The Tokyo-based asset manager expects the TOPIX index to advance by 7.5 percent in yen terms in the half-year period to June 2016, with U.S. equities gaining 3 percent in dollar terms and eurozone stocks enjoying a 15 percent climb in local currency terms.

Recent mixed performance has left Asian stocks appearing relatively cheap however compared to previous years. Bloomberg News has noted Japanese stocks’ estimated price-earnings ratio (PER) stood at 18.6 times on Monday compared to its five-year average of 35.4, with Taiwan at 13.3 times versus 18.6 times, India at 17.8 times against 19.3 and Australia’s bourse at 16.2 times versus 18.2.

However, Chinese stocks appeared slightly overvalued, with China’s market PER at 14.7 times compared to its five-year average of 13.3 and Hong Kong’s 11.1 times versus 10.5.

According to the financial newswire, Japan’s TOPIX is expected to end 2016 at 1,800 and the Nikkei at 22,500, while Hong Kong’s Hang Seng Index could reach 23,588.

Nevertheless, the easy gains for Japanese exporters could be harder to find in 2016. Japanese companies enjoyed an estimated 10 trillion yen ($82.3 billion) windfall gain in fiscal 2015 from a weak yen and cheap oil according to Mizuho Research Institute, a windfall that is unlikely to be repeated.

“The weak yen that is bolstering growth in corporate pretax profits by 4 points in fiscal 2015 will only add a point in fiscal 2016,” Kenji Abe of Merrill Lynch Japan Securities told the Nikkei Asian Review.

However, Goldman Sachs’ Kathy Matsui still expects the Nikkei to reach 22,700 by year-end amid improved corporate performance, while WisdomTree Investments’ Jesper Koll suggests another election victory for Japanese Prime Minister Shinzo Abe could also boost markets.

Meanwhile, delays to China’s planned capital market reforms, including changes to initial public offerings and the launch of the Shenzhen-Hong Kong Connect program, may dampen gains for Chinese stocks in 2016.

“Without bold reforms, the [Chinese] economy will slow further, capital flight will intensify and the yuan will weaken more, which will erode confidence further,” Chaoping Zhu, economist at Singapore-based brokerage UOB-Kay Hian Holdings, told the Wall Street Journal.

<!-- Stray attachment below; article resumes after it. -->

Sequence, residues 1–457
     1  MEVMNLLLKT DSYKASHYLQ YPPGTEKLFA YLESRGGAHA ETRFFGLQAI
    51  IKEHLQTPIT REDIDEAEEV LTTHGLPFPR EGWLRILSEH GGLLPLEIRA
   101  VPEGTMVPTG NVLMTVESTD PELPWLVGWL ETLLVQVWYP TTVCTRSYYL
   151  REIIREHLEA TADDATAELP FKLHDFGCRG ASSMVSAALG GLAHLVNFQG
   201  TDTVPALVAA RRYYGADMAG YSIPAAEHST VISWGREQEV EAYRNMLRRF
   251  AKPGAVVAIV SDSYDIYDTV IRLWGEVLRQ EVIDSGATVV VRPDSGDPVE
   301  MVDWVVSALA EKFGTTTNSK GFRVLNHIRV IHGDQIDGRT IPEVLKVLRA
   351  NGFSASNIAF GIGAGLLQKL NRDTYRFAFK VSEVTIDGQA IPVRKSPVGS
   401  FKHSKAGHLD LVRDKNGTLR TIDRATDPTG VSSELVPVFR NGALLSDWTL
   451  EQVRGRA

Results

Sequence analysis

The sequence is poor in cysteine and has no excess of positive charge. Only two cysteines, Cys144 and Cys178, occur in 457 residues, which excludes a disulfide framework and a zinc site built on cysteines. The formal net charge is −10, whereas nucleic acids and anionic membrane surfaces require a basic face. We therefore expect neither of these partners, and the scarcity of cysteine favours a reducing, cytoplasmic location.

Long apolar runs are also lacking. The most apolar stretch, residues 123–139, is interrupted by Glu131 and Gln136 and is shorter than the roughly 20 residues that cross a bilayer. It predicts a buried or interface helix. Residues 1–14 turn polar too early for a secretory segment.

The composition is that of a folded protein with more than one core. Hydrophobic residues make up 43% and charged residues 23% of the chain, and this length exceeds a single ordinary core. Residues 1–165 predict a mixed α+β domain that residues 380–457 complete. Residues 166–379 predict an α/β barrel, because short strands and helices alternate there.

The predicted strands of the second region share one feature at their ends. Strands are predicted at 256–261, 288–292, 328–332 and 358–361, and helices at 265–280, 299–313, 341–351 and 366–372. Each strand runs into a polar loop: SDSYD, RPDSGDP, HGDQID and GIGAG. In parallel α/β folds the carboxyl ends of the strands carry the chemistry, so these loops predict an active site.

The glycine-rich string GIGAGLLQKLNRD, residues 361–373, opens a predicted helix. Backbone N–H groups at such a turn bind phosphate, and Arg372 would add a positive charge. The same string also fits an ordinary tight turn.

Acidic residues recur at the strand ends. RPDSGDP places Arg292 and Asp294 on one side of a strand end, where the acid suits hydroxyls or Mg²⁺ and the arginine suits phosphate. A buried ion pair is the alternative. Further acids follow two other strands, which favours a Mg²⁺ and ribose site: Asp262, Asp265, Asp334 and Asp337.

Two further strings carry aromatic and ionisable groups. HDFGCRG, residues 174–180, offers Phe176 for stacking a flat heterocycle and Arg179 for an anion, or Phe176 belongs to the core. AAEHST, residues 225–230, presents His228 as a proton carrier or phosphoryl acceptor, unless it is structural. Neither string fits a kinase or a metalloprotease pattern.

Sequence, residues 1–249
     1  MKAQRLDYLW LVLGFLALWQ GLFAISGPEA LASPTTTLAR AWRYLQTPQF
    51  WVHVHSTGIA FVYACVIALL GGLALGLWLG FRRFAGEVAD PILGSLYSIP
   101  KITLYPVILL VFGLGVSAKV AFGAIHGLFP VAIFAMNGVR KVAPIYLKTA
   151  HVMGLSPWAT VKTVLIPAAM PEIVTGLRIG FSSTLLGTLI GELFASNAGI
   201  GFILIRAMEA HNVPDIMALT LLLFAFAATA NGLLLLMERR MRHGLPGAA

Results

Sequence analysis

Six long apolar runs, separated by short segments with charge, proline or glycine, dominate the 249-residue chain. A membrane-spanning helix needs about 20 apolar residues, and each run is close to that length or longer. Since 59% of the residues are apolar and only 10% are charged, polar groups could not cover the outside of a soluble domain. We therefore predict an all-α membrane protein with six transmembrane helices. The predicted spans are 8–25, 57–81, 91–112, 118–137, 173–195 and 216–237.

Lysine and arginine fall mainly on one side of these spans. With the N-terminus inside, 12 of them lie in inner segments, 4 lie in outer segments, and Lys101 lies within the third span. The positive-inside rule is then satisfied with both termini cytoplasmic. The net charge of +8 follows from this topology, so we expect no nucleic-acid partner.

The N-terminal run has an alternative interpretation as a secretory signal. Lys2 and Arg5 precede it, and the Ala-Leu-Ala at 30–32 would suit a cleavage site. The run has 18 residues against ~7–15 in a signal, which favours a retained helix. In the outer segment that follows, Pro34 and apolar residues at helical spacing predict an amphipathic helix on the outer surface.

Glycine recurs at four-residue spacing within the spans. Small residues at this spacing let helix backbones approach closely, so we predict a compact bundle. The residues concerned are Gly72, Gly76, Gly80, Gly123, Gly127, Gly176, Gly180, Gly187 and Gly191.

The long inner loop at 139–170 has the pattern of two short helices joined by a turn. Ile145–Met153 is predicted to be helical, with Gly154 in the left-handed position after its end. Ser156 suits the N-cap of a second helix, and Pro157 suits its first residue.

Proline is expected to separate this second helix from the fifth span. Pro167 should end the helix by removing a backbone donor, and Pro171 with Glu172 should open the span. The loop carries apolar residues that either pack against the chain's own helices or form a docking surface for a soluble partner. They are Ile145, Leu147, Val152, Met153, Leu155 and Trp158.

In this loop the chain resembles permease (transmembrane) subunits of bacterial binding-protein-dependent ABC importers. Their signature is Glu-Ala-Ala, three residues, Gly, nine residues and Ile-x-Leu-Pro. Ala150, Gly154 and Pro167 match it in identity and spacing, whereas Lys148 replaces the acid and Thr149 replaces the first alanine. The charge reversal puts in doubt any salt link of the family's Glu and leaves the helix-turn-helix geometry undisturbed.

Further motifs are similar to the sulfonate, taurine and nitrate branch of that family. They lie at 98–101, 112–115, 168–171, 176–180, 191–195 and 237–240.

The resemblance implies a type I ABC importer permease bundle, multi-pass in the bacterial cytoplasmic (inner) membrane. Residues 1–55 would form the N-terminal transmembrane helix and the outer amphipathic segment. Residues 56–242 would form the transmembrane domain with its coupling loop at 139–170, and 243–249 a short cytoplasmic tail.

Yet Barron’s Asia writer Wayne Arnold disagrees, suggesting that Chinese stocks will be “the best of a bad bunch” in the region in 2016, helped by government moves to prop up equities ahead of a reshuffle of the Standing Committee of China’s Politburo in late 2017.

AMP Capital’s Shane Oliver says key factors for investors in 2016 are the pace of increase in U.S. interest rates, whether China avoids a “hard landing,” and also the risk of major geopolitical flare-ups, including in the South China Sea. For Australia, the economist expects the ASX200 index to reach 5,700 by the end of 2016, while Morningstar analyst Peter Warnes expects a slightly higher level of 5,800.

For Asian investors though, a different type of diversification could be the key to success in 2016, amid the Fed’s tightening, China’s slowdown and the prospect of continued sluggish global growth.

Glenn Rushton, executive director of Rushton Financial Services, the investment manager for the Rushton Global Market Neutral Fund, suggests diversification into investments lowly correlated with global share markets could prove crucial due to the high level of market volatility and scramble by investors for higher returns.

“Since the global financial crisis, we’ve seen a heightened level of risk aversion, with some commentators suggesting we shouldn’t even think of double-digit returns anymore. This is quite concerning, particularly for those investors approaching retirement – and this is where strategies such as market neutral can add tremendous value to an investment portfolio, as they can perform equally well in rising and falling markets, are lowly correlated to the returns from shares and can actually benefit from increased volatility.” he said.

According to a Reuters survey of more than 300 equity analysts and fund managers, developed economy stocks are predicted to outperform emerging markets in 2016, led by gains in European shares, although both China and India are expected to move higher.

After a disappointing start to 2016, Asian investors can only hope for better times ahead in the Year of the Monkey. On behalf of Pacific Money, happy investing!